New Zealand and the Climate Crisis in the Pacific

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Coastline of New Zealand, Photographed by Luke Thurlby

New Zealand and the Climate Crisis in the Pacific
Roxy Neset
Staff Reporter

In early December, New Zealand declared that climate change has reached an emergency state. Although this declaration is mainly symbolic, it represents the daunting problem that climate change presents to island countries in the Pacific. New Zealand joins 33 other countries striving to create solutions for climate change.

For many of us in the United States, climate change is something we hear about but remains intangible. This is starkly contrasted by the situation in the Pacific Ocean. According to NASA, the Global sea level rose about 8 inches in the last century. The rate in the last two decades, however, is nearly double that of the last century and accelerating slightly every year. Many islands in the Pacific have seen a loss of coast such as the island country Tuvalu, where 11,000 residents will have to find a new home in the next 50 years due to rising sea levels.

Sea Level Change Graphed by The Commonwealth Scientific and Industrial Research Organisation

In New Zealand, efforts to slow the effects of global warming are starting to gain momentum. The government has planned to become carbon neutral by 2025 and has also established a climate change commission purposed with bringing the country to zero emissions by 2050. These tasks set the bar high for New Zealand with good reason. As nearby island countries sink or experience extreme natural disasters, New Zealand has stepped up to lead the way in carbon emission reform.

The Ministry for the Environment in New Zealand says the nationally determined contribution is “to reduce greenhouse gas emissions by 30 percent below 2005 levels by 2030”. This declaration came with New Zealand’s ratification of the Paris Agreement in 2016. The Paris Agreement is an agreement on climate change that holds all countries accountable for taking action to slow climate change. Participation in the Paris agreement is extremely high, and poor and rich countries alike have pledged to make stopping climate change a priority.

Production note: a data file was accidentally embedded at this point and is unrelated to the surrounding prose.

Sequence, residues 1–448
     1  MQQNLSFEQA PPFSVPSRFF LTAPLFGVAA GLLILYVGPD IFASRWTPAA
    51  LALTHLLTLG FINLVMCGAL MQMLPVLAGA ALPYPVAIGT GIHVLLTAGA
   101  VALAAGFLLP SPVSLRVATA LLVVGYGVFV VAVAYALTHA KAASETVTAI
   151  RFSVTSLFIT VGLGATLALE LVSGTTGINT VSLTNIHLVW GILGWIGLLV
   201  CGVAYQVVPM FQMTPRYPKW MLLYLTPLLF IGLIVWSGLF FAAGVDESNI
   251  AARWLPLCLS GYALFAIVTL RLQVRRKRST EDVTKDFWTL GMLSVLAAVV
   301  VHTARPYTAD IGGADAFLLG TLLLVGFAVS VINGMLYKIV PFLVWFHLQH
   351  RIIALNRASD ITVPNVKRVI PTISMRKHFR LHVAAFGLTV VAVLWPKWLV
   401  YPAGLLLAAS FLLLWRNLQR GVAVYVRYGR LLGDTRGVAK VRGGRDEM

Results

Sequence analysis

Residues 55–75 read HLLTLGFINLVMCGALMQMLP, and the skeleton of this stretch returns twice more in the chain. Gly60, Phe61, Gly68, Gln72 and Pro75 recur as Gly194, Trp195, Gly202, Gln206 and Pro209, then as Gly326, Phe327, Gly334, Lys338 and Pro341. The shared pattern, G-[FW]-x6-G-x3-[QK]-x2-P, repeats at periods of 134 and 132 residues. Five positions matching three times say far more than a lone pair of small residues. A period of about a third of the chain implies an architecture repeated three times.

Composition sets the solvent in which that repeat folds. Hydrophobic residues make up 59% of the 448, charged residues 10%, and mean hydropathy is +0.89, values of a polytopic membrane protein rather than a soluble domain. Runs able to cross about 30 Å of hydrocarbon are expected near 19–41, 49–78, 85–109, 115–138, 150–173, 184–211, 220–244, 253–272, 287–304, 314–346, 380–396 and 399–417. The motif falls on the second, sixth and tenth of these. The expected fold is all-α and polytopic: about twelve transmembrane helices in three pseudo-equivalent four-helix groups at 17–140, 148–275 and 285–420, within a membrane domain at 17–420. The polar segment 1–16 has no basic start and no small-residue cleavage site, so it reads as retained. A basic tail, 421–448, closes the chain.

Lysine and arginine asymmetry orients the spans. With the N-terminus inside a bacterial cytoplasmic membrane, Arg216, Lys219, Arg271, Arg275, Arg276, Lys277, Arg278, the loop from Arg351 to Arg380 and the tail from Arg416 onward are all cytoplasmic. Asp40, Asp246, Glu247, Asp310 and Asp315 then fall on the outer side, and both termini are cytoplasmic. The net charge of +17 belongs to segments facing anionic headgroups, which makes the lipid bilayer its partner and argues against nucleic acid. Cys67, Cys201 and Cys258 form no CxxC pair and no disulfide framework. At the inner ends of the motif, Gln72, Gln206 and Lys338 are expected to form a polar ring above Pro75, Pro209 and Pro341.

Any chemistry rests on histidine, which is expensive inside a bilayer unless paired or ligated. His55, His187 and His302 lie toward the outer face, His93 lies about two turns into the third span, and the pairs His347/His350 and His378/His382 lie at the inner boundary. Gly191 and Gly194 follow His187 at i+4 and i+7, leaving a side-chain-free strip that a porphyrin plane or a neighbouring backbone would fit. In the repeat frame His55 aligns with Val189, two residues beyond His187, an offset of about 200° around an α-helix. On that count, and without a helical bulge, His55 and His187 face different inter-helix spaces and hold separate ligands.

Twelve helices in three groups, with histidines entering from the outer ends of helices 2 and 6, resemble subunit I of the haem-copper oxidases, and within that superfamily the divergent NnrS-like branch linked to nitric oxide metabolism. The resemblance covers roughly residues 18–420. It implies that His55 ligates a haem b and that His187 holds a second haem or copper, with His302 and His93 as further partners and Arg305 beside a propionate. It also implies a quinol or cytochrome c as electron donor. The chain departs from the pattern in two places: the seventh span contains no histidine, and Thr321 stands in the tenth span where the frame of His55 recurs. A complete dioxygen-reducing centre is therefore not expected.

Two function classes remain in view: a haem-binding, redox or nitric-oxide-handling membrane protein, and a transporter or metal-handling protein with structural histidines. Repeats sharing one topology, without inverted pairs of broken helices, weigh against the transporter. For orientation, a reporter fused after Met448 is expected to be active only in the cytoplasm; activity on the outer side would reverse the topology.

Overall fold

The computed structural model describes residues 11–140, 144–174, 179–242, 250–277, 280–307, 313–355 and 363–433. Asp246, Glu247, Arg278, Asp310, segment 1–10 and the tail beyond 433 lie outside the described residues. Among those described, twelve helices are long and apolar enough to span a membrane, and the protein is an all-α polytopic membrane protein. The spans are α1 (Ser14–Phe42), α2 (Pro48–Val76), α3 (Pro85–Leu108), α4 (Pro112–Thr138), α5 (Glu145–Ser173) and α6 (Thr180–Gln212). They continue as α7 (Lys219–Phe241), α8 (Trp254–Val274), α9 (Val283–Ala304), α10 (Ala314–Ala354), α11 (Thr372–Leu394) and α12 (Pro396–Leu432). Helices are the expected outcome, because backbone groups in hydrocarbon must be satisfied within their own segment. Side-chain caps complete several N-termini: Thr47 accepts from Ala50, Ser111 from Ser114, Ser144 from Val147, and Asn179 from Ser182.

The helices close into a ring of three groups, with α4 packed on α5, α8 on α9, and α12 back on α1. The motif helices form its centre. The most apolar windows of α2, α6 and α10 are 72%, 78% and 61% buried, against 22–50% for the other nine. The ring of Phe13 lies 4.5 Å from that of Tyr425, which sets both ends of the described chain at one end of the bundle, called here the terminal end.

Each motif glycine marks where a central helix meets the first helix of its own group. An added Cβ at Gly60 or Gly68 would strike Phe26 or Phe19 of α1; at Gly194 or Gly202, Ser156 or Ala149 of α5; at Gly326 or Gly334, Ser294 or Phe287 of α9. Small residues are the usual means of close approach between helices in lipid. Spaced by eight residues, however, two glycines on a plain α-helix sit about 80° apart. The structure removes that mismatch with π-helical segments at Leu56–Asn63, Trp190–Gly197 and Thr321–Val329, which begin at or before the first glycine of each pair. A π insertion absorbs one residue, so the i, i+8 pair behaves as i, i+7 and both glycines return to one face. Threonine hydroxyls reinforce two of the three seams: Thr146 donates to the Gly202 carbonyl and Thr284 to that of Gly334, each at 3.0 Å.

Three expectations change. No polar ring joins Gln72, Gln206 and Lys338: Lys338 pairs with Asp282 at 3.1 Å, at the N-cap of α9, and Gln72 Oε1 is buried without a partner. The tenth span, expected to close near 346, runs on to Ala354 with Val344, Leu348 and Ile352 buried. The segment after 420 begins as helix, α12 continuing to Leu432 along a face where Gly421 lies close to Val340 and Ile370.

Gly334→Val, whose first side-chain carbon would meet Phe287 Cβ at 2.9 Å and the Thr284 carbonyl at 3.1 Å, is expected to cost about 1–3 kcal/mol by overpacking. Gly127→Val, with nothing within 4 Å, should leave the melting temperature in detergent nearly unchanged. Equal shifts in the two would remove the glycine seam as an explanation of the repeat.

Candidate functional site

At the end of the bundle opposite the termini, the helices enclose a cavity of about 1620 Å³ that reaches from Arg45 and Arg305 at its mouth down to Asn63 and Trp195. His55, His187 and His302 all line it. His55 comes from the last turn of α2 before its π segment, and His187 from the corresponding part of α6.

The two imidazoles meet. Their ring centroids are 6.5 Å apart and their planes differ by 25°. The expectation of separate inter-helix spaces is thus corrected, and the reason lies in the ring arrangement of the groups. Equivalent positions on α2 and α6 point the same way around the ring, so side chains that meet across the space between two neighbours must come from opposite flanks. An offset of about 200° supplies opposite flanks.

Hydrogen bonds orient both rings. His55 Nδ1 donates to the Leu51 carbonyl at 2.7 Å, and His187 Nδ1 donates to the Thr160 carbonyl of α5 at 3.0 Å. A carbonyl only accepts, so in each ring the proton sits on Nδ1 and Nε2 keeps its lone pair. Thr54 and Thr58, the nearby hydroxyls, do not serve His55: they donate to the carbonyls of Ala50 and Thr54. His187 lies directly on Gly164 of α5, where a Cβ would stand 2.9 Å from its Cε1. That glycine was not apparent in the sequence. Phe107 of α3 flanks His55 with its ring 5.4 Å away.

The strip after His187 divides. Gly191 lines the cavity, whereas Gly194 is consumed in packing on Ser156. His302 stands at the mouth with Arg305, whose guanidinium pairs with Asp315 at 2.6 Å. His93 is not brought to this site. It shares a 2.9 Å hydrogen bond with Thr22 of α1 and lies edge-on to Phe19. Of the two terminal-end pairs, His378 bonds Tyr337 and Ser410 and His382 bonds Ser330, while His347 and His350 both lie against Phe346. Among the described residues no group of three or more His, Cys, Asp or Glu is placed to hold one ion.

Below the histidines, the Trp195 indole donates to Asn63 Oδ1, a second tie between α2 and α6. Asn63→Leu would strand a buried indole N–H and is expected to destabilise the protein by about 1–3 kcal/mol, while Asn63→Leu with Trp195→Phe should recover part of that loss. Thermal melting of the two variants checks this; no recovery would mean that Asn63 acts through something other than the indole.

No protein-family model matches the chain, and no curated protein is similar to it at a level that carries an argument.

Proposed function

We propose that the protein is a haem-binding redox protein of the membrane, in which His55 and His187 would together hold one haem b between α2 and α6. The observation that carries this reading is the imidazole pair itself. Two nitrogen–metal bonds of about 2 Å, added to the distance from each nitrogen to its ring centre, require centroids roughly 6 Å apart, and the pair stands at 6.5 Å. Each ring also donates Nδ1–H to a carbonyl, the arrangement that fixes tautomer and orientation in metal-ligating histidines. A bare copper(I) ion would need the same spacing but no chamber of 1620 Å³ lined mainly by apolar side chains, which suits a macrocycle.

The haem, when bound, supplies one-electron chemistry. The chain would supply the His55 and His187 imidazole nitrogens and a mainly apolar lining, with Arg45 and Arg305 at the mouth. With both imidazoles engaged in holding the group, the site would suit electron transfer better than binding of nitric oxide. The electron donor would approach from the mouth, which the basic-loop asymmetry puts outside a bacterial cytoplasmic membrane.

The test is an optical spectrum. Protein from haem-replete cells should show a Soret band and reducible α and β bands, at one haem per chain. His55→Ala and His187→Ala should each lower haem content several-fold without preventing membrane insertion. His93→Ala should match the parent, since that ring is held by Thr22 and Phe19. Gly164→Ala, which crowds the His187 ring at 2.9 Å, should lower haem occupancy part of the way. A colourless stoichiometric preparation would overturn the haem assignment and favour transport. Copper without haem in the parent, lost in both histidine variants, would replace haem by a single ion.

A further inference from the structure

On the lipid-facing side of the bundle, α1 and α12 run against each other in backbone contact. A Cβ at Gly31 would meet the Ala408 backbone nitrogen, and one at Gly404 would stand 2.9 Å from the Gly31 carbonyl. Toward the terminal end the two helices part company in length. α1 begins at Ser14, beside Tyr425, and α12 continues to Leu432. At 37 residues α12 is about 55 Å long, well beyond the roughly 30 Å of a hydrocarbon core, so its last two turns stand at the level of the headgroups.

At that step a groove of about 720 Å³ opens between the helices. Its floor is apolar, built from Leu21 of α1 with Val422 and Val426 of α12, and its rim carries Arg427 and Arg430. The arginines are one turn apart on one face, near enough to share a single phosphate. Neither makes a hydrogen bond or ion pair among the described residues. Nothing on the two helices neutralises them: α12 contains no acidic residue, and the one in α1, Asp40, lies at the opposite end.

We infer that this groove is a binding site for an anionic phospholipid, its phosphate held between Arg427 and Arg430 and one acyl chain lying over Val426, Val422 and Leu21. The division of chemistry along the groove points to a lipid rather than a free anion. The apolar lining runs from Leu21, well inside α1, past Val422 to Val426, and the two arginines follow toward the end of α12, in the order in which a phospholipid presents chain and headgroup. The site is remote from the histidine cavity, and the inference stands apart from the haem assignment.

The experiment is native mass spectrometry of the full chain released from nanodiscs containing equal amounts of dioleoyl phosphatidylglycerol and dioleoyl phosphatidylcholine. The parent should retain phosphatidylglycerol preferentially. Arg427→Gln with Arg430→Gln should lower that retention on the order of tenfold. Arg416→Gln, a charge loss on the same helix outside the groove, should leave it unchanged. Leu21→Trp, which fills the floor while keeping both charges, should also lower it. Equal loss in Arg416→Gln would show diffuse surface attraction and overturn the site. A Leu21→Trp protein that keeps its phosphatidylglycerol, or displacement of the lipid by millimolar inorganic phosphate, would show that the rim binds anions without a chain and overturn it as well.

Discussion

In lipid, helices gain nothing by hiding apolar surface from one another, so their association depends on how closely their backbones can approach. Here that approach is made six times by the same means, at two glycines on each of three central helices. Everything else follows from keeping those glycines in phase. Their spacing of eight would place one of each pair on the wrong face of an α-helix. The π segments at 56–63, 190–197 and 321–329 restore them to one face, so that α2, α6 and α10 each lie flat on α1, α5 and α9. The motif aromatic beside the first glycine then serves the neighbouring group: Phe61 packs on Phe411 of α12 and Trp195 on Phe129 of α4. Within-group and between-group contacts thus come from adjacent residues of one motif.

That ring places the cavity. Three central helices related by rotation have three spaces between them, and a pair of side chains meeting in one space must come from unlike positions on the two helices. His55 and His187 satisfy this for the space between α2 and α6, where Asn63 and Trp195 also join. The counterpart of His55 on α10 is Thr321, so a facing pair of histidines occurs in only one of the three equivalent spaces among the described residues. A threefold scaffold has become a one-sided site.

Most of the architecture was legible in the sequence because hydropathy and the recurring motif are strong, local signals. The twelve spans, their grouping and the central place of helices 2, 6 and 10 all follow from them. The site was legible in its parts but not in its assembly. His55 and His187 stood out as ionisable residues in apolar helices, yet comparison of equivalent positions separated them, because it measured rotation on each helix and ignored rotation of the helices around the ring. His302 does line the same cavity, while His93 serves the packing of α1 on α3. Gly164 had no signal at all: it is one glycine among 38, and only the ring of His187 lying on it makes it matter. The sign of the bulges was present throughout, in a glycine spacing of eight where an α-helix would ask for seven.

The state of the Paris Agreement, Statista

Countries in the Pacific have realized that working together may be the only way to overcome the threat posed by climate change. David Noone, a climate scientist at the University of Auckland says, “There are voices across the Pacific, New Zealand being central to that, that speak loudly together. And we represent a group where climate is very strongly influencing ways of life, and where the survival of communities in the future is really threatened”. Noone and other scientists agree that action needs to be taken to slow climate change or disastrous changes will occur not only in the Pacific but in the rest of the world. The research done at the University of Auckland has played a leading role in New Zealand’s climate initiative and showed how much the Pacific will change if nothing is done.

New Zealand Coastline, Photographed by Luke Thurlby

New Zealand, carbon neutral by 2025. Japan, reduce emissions 26% below 2013 levels by 2030. Moldova, the poorest country in Europe with an average salary of just $4392 per year, has pledged to reduce emissions 70% below 1990 levels by 2030. For the most part, countries poor and rich from across the globe have dedicated their resources to stop a global problem. Climate change has given the world a chance to show cooperation for the sake of humankind, and people everywhere are becoming more climate-conscious as a result.